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More PhDs in Computer Science Needed

  23-Dec-2014  |   Post By:

A recent survey by Association for Computer Machinery (ACM) India, a global professional network in computer areas, has revealed that about 2,507 institutions across India has only produced 194 PhDs in Computer Science (CS). up with Prof Pankaj Jalote, Director, IIT-Delhi, who supervised the survey, on the state of affairs of PhD education in CS, had a lot to say.

Your survey says that low enrolment for PhD in CS is attributed to the poor quality of education.

Most of the institutes lack good quality teachers, which in turn, is leading to substandard education, and naturally, students are looking for options to pursue doctoral studies  in CS abroad.

CS as a field throws up a lot of opportunities for someone who has completed a Bachelor’s or a Master’s or both. Could that be one of the reasons for students not going up to the doctoral level?

The field does throws up a lot of job opportunities depending on the level of education that you have had. But again there is lack of awareness among students as to the heights they can reach with a PhD. Pay scales and nature of opportunities are far more exciting, if one goes up to the doctoral level.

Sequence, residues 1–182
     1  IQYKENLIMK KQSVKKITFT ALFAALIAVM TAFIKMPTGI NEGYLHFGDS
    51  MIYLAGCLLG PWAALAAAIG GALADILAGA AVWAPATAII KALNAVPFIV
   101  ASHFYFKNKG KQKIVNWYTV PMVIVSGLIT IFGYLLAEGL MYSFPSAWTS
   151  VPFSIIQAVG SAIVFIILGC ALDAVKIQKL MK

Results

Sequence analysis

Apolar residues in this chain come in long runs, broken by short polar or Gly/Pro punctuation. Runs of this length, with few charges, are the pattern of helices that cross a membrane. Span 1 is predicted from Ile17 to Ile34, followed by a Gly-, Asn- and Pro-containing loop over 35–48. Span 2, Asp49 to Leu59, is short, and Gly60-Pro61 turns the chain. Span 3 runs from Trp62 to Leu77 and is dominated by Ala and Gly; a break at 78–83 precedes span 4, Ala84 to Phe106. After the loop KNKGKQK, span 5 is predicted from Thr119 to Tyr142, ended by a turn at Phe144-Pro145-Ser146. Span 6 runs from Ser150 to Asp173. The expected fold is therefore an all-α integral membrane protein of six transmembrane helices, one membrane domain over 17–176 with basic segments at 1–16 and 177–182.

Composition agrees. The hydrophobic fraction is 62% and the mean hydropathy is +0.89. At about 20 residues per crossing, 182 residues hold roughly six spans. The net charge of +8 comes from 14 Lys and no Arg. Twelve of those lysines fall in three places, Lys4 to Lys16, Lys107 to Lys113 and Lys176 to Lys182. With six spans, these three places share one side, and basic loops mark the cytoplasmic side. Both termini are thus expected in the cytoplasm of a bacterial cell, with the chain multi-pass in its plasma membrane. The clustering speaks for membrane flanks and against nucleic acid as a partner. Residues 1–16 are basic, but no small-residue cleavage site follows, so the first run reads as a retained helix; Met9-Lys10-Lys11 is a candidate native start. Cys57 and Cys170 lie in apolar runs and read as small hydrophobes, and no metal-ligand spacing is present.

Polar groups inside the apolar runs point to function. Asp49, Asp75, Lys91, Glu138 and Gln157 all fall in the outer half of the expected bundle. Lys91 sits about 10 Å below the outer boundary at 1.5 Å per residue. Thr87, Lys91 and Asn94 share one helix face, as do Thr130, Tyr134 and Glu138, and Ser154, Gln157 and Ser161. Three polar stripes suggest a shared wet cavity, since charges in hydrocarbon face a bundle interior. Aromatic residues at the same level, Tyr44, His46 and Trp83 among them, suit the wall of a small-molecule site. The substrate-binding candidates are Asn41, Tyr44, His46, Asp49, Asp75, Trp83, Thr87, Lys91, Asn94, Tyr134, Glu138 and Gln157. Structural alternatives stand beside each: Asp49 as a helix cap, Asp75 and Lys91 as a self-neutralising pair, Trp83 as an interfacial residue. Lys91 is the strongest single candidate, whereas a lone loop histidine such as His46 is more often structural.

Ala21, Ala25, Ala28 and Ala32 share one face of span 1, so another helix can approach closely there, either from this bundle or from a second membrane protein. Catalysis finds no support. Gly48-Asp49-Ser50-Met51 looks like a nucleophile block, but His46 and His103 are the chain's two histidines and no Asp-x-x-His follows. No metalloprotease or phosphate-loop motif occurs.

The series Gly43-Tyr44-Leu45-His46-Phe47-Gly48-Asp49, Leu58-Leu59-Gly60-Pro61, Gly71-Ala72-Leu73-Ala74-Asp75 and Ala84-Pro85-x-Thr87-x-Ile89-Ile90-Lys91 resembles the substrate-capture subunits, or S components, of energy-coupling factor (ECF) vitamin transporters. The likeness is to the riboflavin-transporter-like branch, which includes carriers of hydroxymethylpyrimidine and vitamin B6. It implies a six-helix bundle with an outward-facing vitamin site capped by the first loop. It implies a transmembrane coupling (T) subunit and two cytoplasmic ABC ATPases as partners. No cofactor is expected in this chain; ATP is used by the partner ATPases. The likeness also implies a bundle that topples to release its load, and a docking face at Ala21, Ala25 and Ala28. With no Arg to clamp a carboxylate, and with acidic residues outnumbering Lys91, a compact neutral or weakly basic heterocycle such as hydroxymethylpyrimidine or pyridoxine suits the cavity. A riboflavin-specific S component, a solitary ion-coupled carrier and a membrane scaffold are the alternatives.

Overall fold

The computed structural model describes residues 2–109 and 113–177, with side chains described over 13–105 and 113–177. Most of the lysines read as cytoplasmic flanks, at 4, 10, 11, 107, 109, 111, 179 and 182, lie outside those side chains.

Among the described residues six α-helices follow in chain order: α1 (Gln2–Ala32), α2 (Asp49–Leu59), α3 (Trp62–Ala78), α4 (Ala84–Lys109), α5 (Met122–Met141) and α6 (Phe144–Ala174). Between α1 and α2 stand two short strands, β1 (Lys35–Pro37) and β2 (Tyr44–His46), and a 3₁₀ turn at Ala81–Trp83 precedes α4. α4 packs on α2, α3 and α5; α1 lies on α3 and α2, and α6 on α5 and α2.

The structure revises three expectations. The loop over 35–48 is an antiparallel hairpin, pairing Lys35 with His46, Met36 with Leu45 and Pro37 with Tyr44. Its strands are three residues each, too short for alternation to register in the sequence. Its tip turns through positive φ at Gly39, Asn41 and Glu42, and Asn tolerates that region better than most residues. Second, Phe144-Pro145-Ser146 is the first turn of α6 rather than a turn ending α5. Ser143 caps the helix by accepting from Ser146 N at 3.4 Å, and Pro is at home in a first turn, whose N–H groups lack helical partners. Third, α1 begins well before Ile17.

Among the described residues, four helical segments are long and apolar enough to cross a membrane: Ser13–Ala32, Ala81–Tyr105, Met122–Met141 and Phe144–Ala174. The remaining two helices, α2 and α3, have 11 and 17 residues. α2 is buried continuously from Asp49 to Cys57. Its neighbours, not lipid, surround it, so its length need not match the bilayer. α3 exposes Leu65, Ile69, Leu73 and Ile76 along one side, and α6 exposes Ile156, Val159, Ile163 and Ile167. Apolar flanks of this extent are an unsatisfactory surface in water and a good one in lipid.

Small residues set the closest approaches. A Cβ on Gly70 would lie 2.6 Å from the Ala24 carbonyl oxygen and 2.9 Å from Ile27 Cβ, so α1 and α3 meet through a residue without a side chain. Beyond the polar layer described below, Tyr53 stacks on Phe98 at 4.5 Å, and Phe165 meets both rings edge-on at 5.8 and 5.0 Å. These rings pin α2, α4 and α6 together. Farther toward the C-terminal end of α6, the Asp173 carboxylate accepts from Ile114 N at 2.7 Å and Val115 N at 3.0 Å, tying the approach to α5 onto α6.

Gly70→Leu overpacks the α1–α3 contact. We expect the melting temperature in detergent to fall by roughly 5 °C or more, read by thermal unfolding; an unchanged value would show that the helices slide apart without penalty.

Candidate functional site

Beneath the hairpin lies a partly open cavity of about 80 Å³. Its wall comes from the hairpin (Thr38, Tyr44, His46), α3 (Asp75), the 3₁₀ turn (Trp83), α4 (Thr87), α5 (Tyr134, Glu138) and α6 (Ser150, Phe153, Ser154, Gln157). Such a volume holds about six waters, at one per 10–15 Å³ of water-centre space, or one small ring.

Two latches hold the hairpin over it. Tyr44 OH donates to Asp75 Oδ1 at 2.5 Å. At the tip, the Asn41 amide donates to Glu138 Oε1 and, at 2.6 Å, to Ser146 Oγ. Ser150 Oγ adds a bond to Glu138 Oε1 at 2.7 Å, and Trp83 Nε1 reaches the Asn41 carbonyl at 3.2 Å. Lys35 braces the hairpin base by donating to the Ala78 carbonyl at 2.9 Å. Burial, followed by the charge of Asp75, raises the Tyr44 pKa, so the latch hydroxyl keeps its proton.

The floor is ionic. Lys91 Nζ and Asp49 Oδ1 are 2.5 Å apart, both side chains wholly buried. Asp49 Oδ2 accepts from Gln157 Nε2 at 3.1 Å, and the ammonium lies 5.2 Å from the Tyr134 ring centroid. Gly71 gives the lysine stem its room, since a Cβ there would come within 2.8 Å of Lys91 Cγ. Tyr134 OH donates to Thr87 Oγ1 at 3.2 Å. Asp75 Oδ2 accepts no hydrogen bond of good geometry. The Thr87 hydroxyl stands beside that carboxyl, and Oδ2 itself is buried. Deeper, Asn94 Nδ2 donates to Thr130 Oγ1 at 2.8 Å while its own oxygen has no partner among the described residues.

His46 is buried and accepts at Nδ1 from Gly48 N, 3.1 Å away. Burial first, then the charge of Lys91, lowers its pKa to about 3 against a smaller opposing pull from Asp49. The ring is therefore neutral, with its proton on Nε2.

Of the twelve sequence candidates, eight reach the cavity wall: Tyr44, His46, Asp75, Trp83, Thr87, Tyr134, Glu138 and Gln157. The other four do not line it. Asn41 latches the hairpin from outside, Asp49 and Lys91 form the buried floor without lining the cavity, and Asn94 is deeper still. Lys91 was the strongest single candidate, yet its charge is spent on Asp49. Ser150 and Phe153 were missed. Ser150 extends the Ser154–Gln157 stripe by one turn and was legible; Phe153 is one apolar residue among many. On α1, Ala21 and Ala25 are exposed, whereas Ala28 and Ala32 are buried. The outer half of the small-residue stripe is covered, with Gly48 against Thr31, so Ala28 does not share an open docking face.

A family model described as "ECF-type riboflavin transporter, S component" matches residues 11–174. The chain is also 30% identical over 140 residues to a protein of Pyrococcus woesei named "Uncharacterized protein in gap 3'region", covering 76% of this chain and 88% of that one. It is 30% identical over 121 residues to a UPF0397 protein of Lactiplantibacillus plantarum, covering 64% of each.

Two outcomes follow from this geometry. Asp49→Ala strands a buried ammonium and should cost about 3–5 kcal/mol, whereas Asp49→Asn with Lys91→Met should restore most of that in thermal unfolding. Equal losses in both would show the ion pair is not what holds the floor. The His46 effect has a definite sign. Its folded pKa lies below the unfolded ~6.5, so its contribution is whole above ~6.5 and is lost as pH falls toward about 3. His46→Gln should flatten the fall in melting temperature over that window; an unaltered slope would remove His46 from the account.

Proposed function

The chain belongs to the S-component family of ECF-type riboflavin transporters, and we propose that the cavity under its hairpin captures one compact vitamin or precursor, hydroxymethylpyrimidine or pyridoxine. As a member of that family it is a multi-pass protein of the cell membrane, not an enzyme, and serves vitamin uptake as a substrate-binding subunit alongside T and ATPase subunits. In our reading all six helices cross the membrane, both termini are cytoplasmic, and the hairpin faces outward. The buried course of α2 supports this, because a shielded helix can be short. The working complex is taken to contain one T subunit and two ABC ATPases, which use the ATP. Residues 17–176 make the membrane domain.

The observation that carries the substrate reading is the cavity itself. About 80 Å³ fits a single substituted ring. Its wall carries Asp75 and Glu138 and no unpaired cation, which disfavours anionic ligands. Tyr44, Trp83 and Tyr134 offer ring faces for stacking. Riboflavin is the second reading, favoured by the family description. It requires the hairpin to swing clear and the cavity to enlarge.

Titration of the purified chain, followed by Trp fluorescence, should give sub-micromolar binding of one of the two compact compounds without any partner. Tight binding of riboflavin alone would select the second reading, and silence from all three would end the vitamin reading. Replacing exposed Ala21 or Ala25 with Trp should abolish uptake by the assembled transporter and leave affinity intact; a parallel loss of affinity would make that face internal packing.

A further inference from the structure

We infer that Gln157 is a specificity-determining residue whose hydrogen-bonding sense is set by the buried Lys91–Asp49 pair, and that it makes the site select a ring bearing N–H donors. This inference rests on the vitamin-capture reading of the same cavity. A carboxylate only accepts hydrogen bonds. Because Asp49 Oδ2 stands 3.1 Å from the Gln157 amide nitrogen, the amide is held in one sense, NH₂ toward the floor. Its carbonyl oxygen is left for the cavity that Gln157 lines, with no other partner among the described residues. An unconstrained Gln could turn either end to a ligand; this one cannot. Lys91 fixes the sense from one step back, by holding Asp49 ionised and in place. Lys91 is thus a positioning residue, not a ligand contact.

What about employment prospects for a PhD scholar in CS? Do software giants show interest in hiring PhDs?

All major IT software giants like Infosys and Cognizant Technology Solutions, have shown interest in hiring PhDs. The only problem is that there aren’t enough PhDs. For example, 25 per cent of Google’s workforce is made up of PhDs while it is a pathetic 1-2 per cent for Indian companies.

Could the lack of academic-industry tie-ups be a reason for students not to show interest in PhD studies?

It is not a significant factor, according to me. But again, if industry offers scholarships  and internships, we could see an improvement in training. Students would get a chance to work in real-time applications significant to the field of computer science.

How can institutes attract more students towards PhD?

First of all, students have the mindset of settling down in a job after their Bachelor’s or Master’s in the field, which is proving to be a big problem. If you have to convince students to spend four-years doing a PhD, then you have to increase their stipend, make the nature of their work more exciting, find a way to send them abroad for conferences, engage them in global collaborations and such.

Why does the country require more PhDs in CS?

For the simple reason that a PhD can open up a sea of opportunities and students can be at the forefront of cutting-edge research. In fact, a thesis by Ramprasad Saptharishi on Unified approaches to polynomial identity testing and lower bounds won ACM’s best Doctoral Dissertation Award in 2013. Even if we get more PhDs into teaching, that is like a battle half won.